I Finally Get Home Depot

I don’t know if it’s my sitting at a computer all day, the explosion of Do-It-Yourself shows on TLC, or the increased estrogen in tofu, but in recent years I have been overwhelmed with a desire to make things myself.

It’s no matter that I don’t even know how to sew, Martha Stewart’s leaf inspired pin cushion is just perfect for storing all the pins I don’t have!


Now, every object, including and most especially garage sale junk left by the side of the road, has enormous potential to become some amazing piece for our home that is practically chic, yet funkily hip. I see a dirty, broken door wripped off its hinges lying in a puddle on someone’s driveway and think about all the money I am going to save when I turn it into an awesome, one-of-a kind headboard. My designs are of course going to gain attention, first among friends, and then amongst my neighbours who are going to love visiting the adorable, little shop I open up on the high-rent street in our area, which I of course can afford because my merchandise costs virtually nothing to make!

My latest project is a coffee table made out of a wooden pallet, like so:

I do realize that I have zero tactile artistic ability, not to mention that I can hardly draw a stick person that doesn’t look like it was penned by a dyslexic six-year old, but there is no reason why I can’t build that coffee table. Just look at it! It’s so easy!

Last Saturday, a rare time when he wasn’t working, my husband agreed to help me pick up materials. First stop was a parking lot behind a store where I had noticed a pile of pallets. Rummaging through, I finally found the perfect one with less mud and nails than the others.

“Mind if I take this pallet off your hands?” I asked the store, smiling sweetly.

“Take ’em all,” said a burly man in coveralls.

Suckers. They don’t even realize they’re sitting on a furniture goldmine. I cheered on my husband as he loaded my bounty into our trunk

Next, we were on to Home Depot to pick up whatever materials the picture seemed to indicate that I needed. Usually, a trip to Home Depot involves my tapping my foot and reminding my husband that we have recently dropped an income bracket since my leaving private practice, but I finally understood the chemical reaction that overtakes the male brain in a hardware store. Every nail and piece of wood screamed at me: “Potential! Potential! Potential!” Walking up and down the aisles with my husband I was mesmerized and certain I needed absolutely everything.  A circle cutter? Definitely! Pro Set 90 Lite Sand Setting Type Drywall Compound? A 16 kg bag, please! A Floating Dock Connector Kit? Throw it in the buggy!

“You don’t need any of these things,” my husband said, putting them back.

Forcefully leading me out of the store, my husband reasoned that I should first work on the pallet, figure out a plan and then make a shopping list. This is because he is a ‘suit’ and not an artiste like me.

In our backyard, wielding a saw to cut the pallet down to the right size, I felt so competent, so alive!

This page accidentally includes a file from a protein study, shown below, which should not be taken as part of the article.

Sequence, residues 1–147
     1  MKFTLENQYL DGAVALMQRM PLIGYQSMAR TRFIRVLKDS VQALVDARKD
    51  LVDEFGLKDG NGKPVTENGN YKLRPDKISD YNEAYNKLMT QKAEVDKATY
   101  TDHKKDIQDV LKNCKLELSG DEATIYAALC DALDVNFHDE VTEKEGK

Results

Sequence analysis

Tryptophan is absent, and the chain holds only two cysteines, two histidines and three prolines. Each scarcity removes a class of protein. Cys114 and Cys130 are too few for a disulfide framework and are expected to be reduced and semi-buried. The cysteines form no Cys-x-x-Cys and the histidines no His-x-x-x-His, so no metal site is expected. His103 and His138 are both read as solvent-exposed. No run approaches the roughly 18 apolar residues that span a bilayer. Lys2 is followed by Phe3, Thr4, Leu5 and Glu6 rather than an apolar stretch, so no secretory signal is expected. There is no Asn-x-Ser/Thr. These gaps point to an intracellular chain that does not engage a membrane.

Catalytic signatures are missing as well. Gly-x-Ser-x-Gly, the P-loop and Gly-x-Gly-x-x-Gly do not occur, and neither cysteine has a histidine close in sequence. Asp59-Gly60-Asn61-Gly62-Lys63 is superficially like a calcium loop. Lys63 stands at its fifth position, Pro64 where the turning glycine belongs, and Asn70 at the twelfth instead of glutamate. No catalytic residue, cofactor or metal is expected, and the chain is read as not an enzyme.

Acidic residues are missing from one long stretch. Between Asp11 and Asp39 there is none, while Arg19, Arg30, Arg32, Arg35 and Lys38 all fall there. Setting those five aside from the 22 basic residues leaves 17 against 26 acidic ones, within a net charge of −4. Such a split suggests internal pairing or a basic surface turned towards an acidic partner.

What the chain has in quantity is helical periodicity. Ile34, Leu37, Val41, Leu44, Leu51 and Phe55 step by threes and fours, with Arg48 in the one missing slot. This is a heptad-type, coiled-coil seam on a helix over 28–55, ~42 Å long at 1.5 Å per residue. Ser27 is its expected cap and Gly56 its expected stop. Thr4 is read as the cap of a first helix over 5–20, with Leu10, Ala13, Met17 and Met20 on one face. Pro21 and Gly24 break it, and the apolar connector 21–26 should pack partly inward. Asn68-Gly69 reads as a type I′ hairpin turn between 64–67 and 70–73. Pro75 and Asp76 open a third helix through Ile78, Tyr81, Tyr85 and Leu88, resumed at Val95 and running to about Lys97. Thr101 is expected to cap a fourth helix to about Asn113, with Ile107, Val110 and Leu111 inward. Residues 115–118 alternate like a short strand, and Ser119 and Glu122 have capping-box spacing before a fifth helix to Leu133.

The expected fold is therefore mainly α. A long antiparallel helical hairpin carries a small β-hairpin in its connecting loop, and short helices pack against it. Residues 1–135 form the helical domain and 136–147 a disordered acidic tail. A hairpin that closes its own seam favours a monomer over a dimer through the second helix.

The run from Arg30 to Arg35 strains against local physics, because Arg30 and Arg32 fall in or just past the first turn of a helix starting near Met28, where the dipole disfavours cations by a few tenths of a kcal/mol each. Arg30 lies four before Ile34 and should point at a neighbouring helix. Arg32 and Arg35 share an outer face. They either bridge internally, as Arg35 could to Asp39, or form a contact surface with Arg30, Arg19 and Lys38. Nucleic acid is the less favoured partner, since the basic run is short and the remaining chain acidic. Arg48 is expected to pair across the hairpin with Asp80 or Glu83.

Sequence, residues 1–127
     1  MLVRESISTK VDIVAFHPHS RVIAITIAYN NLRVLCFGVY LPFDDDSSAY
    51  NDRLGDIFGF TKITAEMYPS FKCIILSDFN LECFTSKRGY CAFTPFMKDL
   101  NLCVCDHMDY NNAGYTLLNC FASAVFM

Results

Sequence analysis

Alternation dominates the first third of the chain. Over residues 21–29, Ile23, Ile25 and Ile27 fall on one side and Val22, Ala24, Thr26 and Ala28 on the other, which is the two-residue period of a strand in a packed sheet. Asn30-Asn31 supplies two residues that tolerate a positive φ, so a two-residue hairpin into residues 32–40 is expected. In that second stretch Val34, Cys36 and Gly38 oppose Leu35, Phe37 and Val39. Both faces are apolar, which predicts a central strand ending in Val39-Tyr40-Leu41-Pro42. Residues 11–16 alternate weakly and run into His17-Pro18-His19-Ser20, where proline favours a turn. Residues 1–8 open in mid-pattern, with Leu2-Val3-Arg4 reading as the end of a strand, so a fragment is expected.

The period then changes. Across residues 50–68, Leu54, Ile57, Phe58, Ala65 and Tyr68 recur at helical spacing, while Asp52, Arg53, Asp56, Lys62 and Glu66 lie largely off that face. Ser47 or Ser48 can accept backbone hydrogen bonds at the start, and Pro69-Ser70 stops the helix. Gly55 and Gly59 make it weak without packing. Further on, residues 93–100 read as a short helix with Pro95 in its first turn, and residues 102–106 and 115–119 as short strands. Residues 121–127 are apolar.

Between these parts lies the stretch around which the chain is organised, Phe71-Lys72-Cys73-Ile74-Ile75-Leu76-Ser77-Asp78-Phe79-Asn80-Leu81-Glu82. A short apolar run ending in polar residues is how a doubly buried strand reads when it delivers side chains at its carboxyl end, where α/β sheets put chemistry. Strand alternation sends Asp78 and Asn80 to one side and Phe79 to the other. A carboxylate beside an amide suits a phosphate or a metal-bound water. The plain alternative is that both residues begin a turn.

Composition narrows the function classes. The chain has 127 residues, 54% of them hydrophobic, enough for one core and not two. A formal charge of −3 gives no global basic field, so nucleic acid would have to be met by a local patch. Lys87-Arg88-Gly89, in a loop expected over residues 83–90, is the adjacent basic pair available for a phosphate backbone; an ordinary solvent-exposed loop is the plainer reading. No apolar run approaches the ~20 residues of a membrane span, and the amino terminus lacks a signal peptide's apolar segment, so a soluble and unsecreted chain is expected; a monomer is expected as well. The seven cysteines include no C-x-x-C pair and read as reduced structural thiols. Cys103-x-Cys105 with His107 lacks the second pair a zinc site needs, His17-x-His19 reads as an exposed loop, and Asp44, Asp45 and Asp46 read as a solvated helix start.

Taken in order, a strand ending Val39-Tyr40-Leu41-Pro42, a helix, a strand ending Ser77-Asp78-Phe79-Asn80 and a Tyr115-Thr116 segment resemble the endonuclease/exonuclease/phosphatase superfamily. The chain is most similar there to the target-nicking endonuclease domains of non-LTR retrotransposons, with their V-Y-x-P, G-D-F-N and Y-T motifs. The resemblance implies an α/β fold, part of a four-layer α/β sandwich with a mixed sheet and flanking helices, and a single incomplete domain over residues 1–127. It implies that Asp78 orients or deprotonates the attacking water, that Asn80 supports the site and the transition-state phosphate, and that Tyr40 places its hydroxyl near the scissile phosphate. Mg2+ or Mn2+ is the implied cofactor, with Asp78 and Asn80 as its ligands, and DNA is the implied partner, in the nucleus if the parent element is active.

“Don’t cut towards yourself like that!” called my husband from the window.

He seriously needed to back off. I had googled this. Honestly.

“It’s a new technique,” I yelled, swallowing a large cloud of sawdust. “Go away.”

After a 20 minute coughing fit, I was ready for sanding. The pallet’s serrated edges needed a lot of smoothing and I rubbed away at them as hard as I could with the small pieces of sand paper I had found in the basement. I scratched and scratched until I realized that the throbbing in my fingers was not the tingling of productivity, but massive slivers wedged in their tips.

“Come back!” I cried. “And bring some tweezers.”

With one eye on my hands and the other on the tv, my husband spent the next 45 minutes removing our to-be coffee table from my fingers. Wood-free, I was undettered by my significant injury and bravely returned to my project. I spent another hour removing nails and sanding away, turning the square round and round to get the best angle. To satisfy my husband, I grabbed a pad of paper and began compiling a list of materials I would need to finish my master-piece:

1. Piece of glass;

2. Stuff to hold table and glass together;

3. Stain for whatever type of wood this is.

I’m practically Mike Holmes. I called my husband out so he too could bask in my success.

“Well,” I said, “What do you think?” I raised my arm so he could behold my work.

My husband circled the table, the dog following at his heels.

“I’m just thinking about all the wood we’re going to have to recycle.” He turned and went back to the television. What does he know, anyway? The guy’s sawing skills are completely out of date.

“What about you, Diego?” I said, crouching down to pet the dog. “You’re proud of me, right?”

Diego licked my nose and wagged his tail. I was comforted by his loyalty and obvious taste in work-in-progress furniture. He stood for a moment, surveying my work. Then, looking right at me with his sweet, caramel eyes he lifted his leg and peed all over my coffee table.

That’ll be my husband’s end.